Law360 (February 3, 2021, 6:58 PM EST) -- Migrants detained in Florida have urged a federal judge to allow them to pursue allegations that U.S. Immigration and Customs Enforcement left them vulnerable to COVID-19, saying their dim prospect of vaccination was "glaring evidence" that the agency was indifferent to their health.
ICE has yet to establish how it will vaccinate migrants held in three southern Florida detention centers, the detainees said Tuesday, arguing that the lack of distribution plans exposed the agency's "deliberate indifference" to detainee health and undermined ICE's claims otherwise.
"[D]ue to defendants' failure to even develop a plan for vaccine distribution, there is still no vaccine for the class members in Defendants' care — and no prospect of having access to a vaccine," the detainees said.
The detainees argued that it had "been obvious for months" that vaccination would be critical to protecting their health. Moreover, the U.S. Federal Bureau of Prisons released guidance in early January concerning vaccine distribution in federal prisons, the detainees said.
An ICE spokesperson declined to comment on the litigation on Wednesday, but said that local and state health departments are generally responsible for allocating vaccines for detainees.
"Timelines vary based on availability and priorities within each state," the spokesperson said.
The detainees' Tuesday response was a sharp rebuke to ICE's attempts to shake off proposed class allegations that the agency disregarded detainee health in the Krome Services Processing Center, Glades County Detention Center and the Broward Transitional Center.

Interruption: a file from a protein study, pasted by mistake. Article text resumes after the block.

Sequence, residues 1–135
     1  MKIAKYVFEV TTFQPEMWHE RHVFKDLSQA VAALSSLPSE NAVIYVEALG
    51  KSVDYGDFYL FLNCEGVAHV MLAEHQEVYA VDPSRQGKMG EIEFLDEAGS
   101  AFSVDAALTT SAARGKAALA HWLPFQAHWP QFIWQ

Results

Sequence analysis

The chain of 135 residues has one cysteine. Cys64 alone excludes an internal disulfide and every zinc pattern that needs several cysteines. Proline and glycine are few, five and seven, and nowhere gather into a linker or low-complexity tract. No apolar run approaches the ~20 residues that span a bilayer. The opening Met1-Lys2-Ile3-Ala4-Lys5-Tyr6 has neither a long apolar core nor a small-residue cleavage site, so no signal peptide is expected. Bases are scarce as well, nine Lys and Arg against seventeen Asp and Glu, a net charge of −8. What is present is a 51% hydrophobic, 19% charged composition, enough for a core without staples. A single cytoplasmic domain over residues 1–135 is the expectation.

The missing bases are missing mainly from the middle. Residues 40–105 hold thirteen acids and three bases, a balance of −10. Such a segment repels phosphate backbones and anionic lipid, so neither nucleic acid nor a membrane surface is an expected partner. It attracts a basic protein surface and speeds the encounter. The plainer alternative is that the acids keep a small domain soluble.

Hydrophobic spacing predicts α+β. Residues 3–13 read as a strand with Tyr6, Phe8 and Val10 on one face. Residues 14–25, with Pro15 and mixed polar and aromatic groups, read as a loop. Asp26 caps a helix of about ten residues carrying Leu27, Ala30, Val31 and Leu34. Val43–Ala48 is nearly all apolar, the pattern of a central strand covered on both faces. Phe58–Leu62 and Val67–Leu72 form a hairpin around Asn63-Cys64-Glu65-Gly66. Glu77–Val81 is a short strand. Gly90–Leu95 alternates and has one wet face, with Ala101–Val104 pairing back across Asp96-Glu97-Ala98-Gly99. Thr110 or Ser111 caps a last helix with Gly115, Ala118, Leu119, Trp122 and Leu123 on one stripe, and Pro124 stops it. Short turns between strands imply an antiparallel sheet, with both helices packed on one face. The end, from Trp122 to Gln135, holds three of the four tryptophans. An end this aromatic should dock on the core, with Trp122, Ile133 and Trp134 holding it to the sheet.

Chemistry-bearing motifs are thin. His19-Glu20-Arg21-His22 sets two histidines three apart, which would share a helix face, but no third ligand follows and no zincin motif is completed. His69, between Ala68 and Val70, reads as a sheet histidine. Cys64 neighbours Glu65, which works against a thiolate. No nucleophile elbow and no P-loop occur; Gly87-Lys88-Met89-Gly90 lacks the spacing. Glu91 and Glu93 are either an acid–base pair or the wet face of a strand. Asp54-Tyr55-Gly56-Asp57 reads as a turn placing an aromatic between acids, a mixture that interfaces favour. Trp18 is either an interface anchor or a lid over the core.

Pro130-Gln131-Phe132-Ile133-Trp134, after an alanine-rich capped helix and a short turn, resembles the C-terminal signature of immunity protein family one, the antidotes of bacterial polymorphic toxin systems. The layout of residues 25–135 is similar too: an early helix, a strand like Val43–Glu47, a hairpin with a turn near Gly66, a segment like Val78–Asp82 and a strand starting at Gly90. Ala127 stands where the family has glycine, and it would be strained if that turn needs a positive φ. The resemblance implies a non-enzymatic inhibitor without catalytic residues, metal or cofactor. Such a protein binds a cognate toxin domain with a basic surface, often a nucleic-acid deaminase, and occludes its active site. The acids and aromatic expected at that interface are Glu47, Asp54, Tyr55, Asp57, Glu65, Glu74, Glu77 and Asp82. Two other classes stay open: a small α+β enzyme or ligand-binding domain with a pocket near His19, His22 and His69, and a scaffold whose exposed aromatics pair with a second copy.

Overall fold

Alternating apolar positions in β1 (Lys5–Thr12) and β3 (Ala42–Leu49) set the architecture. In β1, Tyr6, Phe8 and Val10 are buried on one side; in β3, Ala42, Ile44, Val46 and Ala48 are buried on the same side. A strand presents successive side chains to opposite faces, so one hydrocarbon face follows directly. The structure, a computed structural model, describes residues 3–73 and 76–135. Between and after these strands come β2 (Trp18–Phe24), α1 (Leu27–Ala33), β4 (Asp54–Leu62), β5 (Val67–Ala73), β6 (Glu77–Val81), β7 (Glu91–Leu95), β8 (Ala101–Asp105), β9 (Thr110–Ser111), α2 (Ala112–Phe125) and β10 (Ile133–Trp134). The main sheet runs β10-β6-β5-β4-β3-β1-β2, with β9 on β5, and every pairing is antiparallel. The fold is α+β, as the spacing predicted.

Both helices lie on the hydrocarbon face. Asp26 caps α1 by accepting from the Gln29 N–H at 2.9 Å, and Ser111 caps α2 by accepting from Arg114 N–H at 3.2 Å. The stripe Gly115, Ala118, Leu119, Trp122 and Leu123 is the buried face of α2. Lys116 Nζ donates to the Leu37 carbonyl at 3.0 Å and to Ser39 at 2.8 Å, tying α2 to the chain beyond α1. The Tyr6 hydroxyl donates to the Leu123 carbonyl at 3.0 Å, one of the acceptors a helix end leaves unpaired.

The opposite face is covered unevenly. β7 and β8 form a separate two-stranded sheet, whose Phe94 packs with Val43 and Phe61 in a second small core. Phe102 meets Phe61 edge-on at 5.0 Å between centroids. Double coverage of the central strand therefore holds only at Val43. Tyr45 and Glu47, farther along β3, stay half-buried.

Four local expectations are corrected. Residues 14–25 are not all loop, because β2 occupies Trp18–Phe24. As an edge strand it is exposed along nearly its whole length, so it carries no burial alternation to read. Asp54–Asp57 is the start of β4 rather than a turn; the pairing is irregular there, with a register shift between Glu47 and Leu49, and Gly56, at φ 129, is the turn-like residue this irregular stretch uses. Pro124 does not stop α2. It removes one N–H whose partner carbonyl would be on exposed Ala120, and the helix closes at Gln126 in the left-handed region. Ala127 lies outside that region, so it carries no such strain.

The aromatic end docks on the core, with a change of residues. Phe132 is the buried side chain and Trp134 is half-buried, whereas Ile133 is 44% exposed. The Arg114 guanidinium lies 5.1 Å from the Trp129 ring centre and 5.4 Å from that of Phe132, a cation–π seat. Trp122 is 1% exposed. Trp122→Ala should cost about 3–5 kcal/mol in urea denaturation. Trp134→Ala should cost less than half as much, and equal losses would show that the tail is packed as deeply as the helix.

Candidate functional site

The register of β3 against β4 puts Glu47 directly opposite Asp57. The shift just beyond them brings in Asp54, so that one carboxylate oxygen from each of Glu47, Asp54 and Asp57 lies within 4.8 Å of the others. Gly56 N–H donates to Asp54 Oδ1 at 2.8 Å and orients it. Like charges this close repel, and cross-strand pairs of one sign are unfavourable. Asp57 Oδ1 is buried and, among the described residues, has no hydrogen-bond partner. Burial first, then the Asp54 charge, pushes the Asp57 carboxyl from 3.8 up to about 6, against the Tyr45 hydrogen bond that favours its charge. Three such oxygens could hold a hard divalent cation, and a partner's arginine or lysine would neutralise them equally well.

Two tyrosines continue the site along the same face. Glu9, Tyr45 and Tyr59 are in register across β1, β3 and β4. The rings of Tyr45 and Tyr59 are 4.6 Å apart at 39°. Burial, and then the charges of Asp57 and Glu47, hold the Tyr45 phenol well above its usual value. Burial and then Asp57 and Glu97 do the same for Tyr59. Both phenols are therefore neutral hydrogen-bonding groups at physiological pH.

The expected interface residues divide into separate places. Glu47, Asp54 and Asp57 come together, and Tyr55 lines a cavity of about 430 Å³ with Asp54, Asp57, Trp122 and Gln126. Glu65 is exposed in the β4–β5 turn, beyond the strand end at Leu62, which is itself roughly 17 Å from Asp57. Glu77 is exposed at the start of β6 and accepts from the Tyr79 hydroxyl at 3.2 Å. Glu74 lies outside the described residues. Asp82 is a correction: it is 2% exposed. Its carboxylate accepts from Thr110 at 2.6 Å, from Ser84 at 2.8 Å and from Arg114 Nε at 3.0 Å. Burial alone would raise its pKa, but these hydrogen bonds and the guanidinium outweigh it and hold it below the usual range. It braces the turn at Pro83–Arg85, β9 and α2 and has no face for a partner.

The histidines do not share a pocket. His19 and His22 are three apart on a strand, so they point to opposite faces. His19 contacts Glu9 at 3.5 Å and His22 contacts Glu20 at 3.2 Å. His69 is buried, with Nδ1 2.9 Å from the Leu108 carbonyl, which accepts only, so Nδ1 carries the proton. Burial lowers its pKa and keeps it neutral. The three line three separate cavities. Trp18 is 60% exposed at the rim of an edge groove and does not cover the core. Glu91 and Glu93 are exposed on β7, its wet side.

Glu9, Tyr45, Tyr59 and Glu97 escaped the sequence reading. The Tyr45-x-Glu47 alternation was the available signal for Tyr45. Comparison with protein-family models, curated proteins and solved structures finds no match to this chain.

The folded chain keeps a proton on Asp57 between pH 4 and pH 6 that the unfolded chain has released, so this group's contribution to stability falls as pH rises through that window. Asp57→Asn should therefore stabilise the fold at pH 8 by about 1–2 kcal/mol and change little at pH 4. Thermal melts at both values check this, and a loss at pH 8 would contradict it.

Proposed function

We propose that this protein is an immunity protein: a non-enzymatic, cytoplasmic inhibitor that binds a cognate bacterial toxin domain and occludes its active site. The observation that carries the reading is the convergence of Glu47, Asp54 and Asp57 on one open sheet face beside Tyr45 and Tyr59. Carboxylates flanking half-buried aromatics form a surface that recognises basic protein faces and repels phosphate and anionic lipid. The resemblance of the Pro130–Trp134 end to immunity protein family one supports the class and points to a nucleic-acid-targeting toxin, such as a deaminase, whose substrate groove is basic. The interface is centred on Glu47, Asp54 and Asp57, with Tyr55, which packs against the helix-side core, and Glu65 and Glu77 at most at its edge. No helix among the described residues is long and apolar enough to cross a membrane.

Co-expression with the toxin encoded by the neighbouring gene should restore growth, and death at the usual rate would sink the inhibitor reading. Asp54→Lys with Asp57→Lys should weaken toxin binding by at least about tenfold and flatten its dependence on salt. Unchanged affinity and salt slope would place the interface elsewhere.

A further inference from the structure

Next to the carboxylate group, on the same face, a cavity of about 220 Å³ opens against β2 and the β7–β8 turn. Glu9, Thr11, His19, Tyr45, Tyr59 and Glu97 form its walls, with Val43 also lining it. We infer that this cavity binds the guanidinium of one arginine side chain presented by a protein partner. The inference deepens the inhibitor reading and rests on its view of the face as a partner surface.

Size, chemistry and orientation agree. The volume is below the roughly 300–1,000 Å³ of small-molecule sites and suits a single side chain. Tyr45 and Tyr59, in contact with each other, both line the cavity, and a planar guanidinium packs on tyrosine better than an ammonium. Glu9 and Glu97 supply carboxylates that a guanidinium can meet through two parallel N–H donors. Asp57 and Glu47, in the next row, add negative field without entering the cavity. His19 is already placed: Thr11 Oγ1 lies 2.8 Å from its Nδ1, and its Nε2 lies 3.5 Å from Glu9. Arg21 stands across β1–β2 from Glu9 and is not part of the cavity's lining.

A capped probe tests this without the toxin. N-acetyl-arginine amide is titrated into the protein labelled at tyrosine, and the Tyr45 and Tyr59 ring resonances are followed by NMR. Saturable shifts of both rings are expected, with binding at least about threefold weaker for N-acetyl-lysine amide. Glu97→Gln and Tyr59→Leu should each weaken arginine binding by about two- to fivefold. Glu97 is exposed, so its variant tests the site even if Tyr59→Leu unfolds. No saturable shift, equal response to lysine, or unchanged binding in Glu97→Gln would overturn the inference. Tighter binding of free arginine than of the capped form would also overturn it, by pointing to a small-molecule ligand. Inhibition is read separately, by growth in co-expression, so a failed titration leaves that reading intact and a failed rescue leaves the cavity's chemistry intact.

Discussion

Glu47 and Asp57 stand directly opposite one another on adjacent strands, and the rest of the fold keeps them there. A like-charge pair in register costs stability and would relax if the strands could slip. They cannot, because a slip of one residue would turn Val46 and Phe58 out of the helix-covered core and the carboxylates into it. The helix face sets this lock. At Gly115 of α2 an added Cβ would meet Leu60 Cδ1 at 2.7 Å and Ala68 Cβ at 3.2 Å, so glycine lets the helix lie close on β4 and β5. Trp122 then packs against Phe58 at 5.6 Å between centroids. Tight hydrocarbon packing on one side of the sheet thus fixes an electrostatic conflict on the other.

ICE said in its bid for summary judgment that it had reduced the centers' population, reconfigured dining and sleeping arrangements, and enacted other measures aimed at curbing the virus' spread. The agency was also critical of allegations that it had snubbed measures prescribed by the U.S. Centers for Disease Control and Prevention, saying those guidelines lacked the force of law.
But the detainees countered that ICE's filing had ignored the dozens of affidavits, multiple witnesses and several depositions contradicting its position. The "scrupulously avoided" evidence includes testimony from a migrant who had been transferred in and out of a Florida facility within a two-day time span and statements about insufficient hygienic supplies at the centers, the detainees said.
The detainees added that the court had already ruled against ICE in June 2020 and directed the agency to improve conditions at the three facilities.
"It is notable that defendants do not acknowledge their past transgressions and profess that they have cleaned up their act," the detainees said. "Instead, defendants' position is that the evidence indisputably shows they have never fallen down on the job."
The detainees are represented by Gregory P. Copeland and Sarah T. Gillman of Rapid Defense Network, Scott M. Edson, Kathryn S. Lehman and Chad A. Peterson of King & Spalding LLP, Rebecca Sharpless and Romy Lerner of the University of Miami School of Law Immigration Clinic, Paul R. Chavez of the Southern Poverty Law Center, Mark Andrew Prada and Anthony Richard Dominguez of Prada Urizar PLLC, Lisa Lehner of Americans for Immigrant Justice and Andrea Montavon McKillip of the Legal Aid Service of Broward County Inc.
ICE is represented by Dexter A. Lee and Natalie Diaz of the U.S. Attorney's Office for the Southern District of Florida.
The case is Gayle et al. v. Meade et al., case number 1:20-cv-21553, in the U.S. District Court for the Southern District of Florida.
--Editing by Jill Coffey.
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